In a wide-ranging and sometimes raucous discussion at UC Santa Barbara’s Campbell Hall, leading American writers Tony Kushner and Sarah Vowell agreed that Abraham Lincoln’s ability to lead the country through the intense divisions of the Civil War era holds lessons for today’s divided America.

Kushner, a Pulitzer Prize winning playwright who wrote the screenplay for Steven Spielberg’s 2012 film Lincoln, said the “death of democracy itself” was at stake between 1861–1865. Lincoln, he said, ensured the “survival of the democratic experiment” by showing the country could cohere and that democratic government wasn’t just a “side station on the way to chaos.”

Bestselling author Sarah Vowell credited Lincoln’s “magnanimous” personality and “reason” for his ultimate success in passing the Emancipation Proclamation that ended slavery, and said his respect for democratic institutions was crucial.

“If we die, we die by suicide, because we stop adhering to our constitution and the rule of law,” said Vowell, summarizing Lincoln’s message in his 1838 address in Springfield Illinois.  Vowell wrote 2005’s  Assassination Vacation, in which she traveled the country visiting sites related to assassinated presidents.

She has written seven books on American history and culture, including her most recent Lafayette in the Somewhat United States. Vowell’s writing has appeared in outlets such as public radio’s This American Life,, McSweeney’s and The New York Times. She met with students from the Writing Program and English Department earlier in the day.

Kushner is known for his multi-award winning play and screenplay Angels in America and he also wrote Spielberg’s 2005 film Munich. His recent work includes The Intelligent Homosexual’s Guide to Capitalism and Socialism with a Key to the Scriptures.


The two were visiting as part of UCSB’s Arts and Lectures series Tuesday, with John Majewski, the dean of the Divison of Humanities and Fine Arts, moderating.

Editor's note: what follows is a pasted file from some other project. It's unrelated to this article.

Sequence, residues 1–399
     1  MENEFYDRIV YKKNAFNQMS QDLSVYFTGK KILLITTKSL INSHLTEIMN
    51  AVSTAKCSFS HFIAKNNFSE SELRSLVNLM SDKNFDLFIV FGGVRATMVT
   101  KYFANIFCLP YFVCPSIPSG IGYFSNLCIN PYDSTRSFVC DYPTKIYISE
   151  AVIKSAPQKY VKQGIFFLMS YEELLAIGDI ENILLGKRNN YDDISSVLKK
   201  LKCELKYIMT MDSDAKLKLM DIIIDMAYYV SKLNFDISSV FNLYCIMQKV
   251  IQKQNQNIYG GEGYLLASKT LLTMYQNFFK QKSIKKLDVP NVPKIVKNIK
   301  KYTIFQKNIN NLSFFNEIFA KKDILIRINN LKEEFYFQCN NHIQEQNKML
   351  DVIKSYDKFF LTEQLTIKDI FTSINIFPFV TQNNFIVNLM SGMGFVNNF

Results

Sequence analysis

“To be a patriot is to follow the laws of the country,” said Majewski, characterizing Lincoln’s view of American institutions.

In response to Majewski’s comment that “Lincoln had less to say about racism than slavery” the two writers agreed that Lincoln was a racist – but that we shouldn’t expect today’s values from historical figures.

“Lincoln was almost certainly a racist,” Kushner said. “Oh, yeah,” added Vowell, who said the president had only one black friend, African-American writer Frederick Douglass.  

Douglass had called Lincoln “the white man’s President” in an 1876 speech. “You are the children of Abe Lincoln. We are only the stepchildren,” Vowell said, citing Douglass.

Still, Vowell said Lincoln had an “absolute moral opposition” to slavery, and Kushner said Douglass had called Lincoln’s work “a sacred effort.”  Kushner called Lincoln and Douglass “the two greatest writers this country ever produced.”

Kushner said the deaths of 800,000 people during the Civil War was a “holocaustal slaughter” that made radical change possible and led to slavery’s destruction.  He said there has long been  a “dark, tragic side,” and sense of “fragility” in American democracy that is still true today.

“There is a tension in the system. When it exploded that’s what the Civil War was. That was what Steve Bannon was,” Kushner said. “…Something breaks, and there’s a huge explosion of madness that will blow this all away,”  —or not.


He said Lincoln’s era offers the promise that historic upheavals can strengthen the country.  He cited the “Me Too” movement and the record-breaking action film Black Panther as examples of social progress during the Trump administration. 

“People are responding. Democracy works. We shouldn’t give up on that,” Kushner said.

Vowell, who delighted the audience with comic irreverence, reminded the crowd that deep division and disparity is part and parcel of being American. “We were never going to be Danish,” she said, provoking laughter.

“Who we are is: We fight, we don’t get along, we are a bunch of countries within one country and there are problems with that…when a lot of people who don’t belong together are stuck together,” she said.

Photography by Austin Bernales.